His hyperlink above goes to a 2010 piece he wrote about DCR Congo, ‘Preventing Independent Action in the Congo’, showing how resource-greedy CFR and their  brothers-in-arms are, but citing lies that “combating insecurity in the east and promoting sustainable development” were their actual concerns.  But of course, part of the truth is that corporate plunder can proceed more readily with a ‘stable’ Western puppet government is in place, can’t it?  He continues to narrate the incestuous relationship of so many of the players in the various ‘helpful’ (especially as to the upside-down nature of their names) NGO community in actual alliance with the largest and often ugliest multinationals and faux ‘environmental’ organizations.

Again, if one feels further cons in aid of the capitalist class are coming: follow the money.

Noting the title of Chenoweth’s newest publication at the Journal of Conflict Resolution, Barker calls it ‘appropriate’ that she notes at the end:

“This research was partially supported by the Political Instability Task Force, which is funded by the Central Intelligence Agency.” (p.320).  He continues:

“Of course this funding relationship is no anomaly for Chenoweth, as in recent years — as openly highlighted on her online CV — the peace-loving professor has received millions of dollars of funding from elite sources. (Recent financiers for her terrorism or nonviolence-related studies have seen the professor in receipt the following grants: $270,099 from the CIA-backed Political Instability Task Force, $150,000 from the Department of Homeland Security Center of Excellence, $1,665,000 from the Norwegian Defense Research Establishment, over $2 million from the Minerva Initiative, U.S. Department of Defense, and just short of $1 million from the Carnegie Corporation.)”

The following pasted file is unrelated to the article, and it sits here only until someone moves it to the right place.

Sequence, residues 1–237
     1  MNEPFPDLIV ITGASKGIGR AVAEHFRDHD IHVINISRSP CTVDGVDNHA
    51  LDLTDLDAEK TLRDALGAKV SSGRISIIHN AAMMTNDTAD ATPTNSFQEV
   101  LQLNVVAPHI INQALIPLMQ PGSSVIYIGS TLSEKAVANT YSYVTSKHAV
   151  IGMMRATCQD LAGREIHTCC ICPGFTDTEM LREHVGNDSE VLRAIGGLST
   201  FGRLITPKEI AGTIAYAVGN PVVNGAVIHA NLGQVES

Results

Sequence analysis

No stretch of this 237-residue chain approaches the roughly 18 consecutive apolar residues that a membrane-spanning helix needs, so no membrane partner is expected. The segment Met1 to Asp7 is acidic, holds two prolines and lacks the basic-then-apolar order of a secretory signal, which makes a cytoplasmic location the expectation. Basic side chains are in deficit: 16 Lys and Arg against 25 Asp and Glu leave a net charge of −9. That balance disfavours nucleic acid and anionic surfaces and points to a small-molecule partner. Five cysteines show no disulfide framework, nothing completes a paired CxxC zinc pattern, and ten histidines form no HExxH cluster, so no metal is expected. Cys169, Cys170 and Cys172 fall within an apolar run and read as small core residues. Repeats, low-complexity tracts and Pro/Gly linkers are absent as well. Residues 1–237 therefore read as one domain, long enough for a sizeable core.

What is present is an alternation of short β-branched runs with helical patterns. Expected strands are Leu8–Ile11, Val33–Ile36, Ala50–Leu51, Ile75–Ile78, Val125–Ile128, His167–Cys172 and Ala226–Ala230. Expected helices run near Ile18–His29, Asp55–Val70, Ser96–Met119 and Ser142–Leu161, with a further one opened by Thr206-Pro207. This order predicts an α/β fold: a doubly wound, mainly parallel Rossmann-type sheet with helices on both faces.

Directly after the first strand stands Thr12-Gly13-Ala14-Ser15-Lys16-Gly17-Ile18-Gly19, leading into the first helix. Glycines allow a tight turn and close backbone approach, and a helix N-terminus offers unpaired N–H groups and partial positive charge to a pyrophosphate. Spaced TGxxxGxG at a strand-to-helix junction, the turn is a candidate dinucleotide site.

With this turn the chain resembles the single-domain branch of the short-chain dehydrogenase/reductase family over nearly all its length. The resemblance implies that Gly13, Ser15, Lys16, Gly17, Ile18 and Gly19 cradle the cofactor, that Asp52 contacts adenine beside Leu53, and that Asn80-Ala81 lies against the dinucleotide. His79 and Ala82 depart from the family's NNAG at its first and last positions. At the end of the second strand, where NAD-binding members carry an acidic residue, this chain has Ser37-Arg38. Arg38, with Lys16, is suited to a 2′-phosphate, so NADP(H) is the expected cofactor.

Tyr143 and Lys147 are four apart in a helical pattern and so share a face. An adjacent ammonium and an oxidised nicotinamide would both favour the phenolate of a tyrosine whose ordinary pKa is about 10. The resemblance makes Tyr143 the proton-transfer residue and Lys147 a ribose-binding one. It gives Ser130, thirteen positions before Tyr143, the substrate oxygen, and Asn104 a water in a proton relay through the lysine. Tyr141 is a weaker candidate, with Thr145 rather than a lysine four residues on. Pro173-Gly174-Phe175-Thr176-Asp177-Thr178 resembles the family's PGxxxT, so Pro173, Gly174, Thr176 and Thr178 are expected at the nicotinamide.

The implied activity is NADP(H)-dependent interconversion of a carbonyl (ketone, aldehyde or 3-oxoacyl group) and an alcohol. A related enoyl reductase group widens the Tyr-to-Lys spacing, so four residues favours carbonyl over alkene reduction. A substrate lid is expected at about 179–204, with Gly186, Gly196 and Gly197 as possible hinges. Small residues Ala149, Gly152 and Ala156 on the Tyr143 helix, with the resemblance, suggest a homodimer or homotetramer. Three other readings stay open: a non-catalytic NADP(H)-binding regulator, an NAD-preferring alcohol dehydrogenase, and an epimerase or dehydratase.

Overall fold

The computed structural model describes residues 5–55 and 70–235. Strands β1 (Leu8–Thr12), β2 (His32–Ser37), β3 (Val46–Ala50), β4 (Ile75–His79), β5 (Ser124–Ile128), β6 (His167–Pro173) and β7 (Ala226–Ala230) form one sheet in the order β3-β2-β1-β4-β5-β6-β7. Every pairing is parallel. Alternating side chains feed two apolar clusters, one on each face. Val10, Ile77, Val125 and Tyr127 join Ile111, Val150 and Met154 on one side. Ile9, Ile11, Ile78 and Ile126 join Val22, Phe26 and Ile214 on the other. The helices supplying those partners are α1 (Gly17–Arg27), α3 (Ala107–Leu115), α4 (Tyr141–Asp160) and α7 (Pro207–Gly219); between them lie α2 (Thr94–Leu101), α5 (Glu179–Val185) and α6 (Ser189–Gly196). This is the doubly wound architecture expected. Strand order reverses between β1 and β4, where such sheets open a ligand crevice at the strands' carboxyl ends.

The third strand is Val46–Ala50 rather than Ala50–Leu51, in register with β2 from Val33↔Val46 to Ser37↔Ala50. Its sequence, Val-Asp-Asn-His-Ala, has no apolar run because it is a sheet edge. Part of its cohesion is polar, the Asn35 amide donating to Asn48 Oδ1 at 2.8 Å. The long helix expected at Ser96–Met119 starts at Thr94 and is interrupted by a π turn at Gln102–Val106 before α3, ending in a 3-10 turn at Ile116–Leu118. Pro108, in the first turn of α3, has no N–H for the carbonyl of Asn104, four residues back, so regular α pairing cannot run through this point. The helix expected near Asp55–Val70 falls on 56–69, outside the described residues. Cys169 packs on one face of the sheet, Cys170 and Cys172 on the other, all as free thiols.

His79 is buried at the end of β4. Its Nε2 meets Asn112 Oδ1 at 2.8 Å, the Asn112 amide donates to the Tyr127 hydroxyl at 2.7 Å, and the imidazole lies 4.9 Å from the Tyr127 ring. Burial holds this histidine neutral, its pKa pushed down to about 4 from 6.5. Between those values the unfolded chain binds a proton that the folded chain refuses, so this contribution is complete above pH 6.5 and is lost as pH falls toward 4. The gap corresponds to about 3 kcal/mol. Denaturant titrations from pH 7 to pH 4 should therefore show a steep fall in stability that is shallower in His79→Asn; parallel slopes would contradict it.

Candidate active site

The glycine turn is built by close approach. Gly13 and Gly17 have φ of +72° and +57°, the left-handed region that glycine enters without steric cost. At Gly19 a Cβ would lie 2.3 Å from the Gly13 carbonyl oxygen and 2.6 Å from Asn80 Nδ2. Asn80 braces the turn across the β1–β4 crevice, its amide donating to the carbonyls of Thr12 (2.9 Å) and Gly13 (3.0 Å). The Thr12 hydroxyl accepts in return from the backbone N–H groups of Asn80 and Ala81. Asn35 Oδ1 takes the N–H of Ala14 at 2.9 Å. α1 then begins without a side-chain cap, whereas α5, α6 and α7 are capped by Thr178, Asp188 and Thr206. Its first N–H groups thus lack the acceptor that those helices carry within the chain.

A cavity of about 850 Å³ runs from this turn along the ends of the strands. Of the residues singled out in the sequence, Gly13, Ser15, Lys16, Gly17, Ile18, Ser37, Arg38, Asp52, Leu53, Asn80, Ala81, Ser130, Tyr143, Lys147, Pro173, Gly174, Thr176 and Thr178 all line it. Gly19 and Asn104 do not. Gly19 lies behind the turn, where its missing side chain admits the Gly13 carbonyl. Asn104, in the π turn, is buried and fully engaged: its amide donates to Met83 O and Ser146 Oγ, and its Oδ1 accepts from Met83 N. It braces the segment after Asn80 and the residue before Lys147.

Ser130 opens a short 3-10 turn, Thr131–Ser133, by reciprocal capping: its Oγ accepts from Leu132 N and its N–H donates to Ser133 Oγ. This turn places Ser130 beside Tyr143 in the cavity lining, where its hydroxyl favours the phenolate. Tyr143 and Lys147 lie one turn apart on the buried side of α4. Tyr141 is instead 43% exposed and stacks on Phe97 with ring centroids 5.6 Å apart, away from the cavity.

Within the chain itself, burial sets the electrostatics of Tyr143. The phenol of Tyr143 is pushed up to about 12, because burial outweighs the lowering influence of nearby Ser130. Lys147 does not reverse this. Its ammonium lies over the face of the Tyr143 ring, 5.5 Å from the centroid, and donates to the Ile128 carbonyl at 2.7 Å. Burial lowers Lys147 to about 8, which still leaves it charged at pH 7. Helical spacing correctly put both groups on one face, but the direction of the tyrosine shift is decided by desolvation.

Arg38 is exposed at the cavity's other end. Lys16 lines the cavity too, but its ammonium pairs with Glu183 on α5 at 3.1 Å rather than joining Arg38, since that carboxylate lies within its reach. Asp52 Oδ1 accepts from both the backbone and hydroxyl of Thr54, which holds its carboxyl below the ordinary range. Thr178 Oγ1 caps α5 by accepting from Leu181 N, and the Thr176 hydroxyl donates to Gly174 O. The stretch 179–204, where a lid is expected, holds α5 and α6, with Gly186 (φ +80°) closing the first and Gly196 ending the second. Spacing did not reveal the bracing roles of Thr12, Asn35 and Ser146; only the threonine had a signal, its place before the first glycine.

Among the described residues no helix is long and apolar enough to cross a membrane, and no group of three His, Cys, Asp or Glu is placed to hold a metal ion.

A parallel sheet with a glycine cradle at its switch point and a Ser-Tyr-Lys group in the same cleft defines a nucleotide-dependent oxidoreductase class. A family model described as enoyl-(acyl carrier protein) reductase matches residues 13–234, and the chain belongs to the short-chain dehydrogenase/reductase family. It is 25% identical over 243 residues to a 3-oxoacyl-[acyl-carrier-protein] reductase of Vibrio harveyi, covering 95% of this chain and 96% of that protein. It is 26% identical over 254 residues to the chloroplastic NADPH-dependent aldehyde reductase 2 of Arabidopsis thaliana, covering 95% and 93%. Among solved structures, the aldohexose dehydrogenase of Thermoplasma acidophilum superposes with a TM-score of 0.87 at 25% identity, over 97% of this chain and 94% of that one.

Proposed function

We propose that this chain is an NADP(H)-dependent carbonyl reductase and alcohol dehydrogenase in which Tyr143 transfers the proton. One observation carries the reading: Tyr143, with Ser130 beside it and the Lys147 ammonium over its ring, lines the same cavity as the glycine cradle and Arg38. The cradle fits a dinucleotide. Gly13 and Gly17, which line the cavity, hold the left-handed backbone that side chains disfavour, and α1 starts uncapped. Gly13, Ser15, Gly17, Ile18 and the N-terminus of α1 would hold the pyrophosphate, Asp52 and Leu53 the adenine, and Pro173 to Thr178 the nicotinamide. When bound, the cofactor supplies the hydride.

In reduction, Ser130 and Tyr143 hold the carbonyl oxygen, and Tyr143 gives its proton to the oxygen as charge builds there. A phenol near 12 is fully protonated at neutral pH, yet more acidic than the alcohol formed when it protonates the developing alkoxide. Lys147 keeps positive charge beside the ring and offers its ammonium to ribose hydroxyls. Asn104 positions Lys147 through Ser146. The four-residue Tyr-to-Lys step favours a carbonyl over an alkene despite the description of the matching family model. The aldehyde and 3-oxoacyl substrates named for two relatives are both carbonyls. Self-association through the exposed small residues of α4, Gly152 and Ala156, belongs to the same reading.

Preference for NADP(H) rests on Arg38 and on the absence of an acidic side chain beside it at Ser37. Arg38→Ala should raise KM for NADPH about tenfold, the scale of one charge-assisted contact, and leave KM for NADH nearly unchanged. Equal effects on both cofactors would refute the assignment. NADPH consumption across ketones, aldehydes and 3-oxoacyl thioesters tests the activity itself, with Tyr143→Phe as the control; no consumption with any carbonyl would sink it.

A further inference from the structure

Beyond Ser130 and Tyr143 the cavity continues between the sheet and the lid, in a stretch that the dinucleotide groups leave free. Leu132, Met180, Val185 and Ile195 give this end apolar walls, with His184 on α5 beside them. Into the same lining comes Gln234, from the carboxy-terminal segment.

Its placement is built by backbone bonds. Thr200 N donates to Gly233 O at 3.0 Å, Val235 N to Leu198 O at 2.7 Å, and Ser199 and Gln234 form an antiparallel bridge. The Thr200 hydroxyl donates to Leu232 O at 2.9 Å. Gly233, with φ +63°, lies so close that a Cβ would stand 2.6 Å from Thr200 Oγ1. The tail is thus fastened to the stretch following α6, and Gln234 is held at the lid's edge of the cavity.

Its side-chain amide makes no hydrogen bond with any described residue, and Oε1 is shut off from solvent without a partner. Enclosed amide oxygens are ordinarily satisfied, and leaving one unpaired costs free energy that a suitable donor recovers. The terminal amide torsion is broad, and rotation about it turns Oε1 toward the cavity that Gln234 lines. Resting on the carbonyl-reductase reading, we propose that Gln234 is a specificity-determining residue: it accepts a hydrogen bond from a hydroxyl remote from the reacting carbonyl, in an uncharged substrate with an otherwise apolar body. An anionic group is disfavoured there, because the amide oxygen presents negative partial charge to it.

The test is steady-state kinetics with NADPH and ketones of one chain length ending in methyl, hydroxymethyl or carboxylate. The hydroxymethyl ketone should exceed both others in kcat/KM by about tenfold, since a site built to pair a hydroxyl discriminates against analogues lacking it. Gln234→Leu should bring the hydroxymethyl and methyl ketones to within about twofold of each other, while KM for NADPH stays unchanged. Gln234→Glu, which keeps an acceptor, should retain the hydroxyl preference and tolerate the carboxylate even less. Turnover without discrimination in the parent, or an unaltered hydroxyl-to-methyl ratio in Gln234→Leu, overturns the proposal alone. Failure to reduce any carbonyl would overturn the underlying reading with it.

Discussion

Given that there are a couple of long ‘funding sources’ pages at his link to her CV, I’m not sure how Barker chose those, myself.

Having seen that the Popular Resistance newsletter had featured links to essays by the peace-loving Erica, and having ignored them while mentally shrugging my shoulders, this was eye-opening, and demonstrates another meaning within his title.

He writes that clearly Chenoweth ‘seems unhappy’ that Herr Trump was elected President, she’s being published at the Washington Post and the Atlantic, and in Feb. 2017, the New Republic: Violence Will Only Hurt the Trump Resistance’.  You decide, cuz millions marching in pink pussy hats and vulva costumes masks was ‘empowering revolutionary resistance’ against Herr Trump.  Of course we’ve never had other misogynist, power-sex addicts as Presidents, have we?Clinton, for instance, never got caught on a live-mike saying such horrendously misogynistic things about his proclivities…. just acted them out, instead, under the Resolute Desk in the Oval Office, the greatest seat of power in the world.

Bonus: ‘Hillary Clinton to launch political group as soon as next week’, Gabriel Debenedetti,, 05/04/17 03:47

“On Tuesday, for example, she appeared at a Women for Women International event in New York, forcefully repeating to CNN’s Christiane Amanpour her belief that Russian interference and FBI Director James Comey’s intervention were the proximate reasons for her loss in 2016.”

Bonus #2:

21 responses to “Erica Chenoweth & Pals: Another Great NGO Hoodwinking

  1. i’m out for the nite. here’s hoping the sandman’s been better to you than for me. my dreams lately verge on the edge of…nightmarish. if they’re tryin’ to teach me somethin’, i don’t seem to be graspin’ the lessons, dagnabbit..

    • Sorry WD; but I’m on overload trying to follow this, what? Thread?
      A one paragraph summary would be wonderful, yes?

      Erica Chenoweth’s comment is beyond the pale, IMO.
      A supporter of wage slavery…?

      • i don’t understand your question v arnold, unless you’re asking for a one-paragraph summary of the entire diary?

      • ach. i read your question again, and yes, it seems you were asking for a one-paragraph summary. now, not entirely kidding, if a quick-hit synopsis would have served, don’t you reckon i may have simply done that?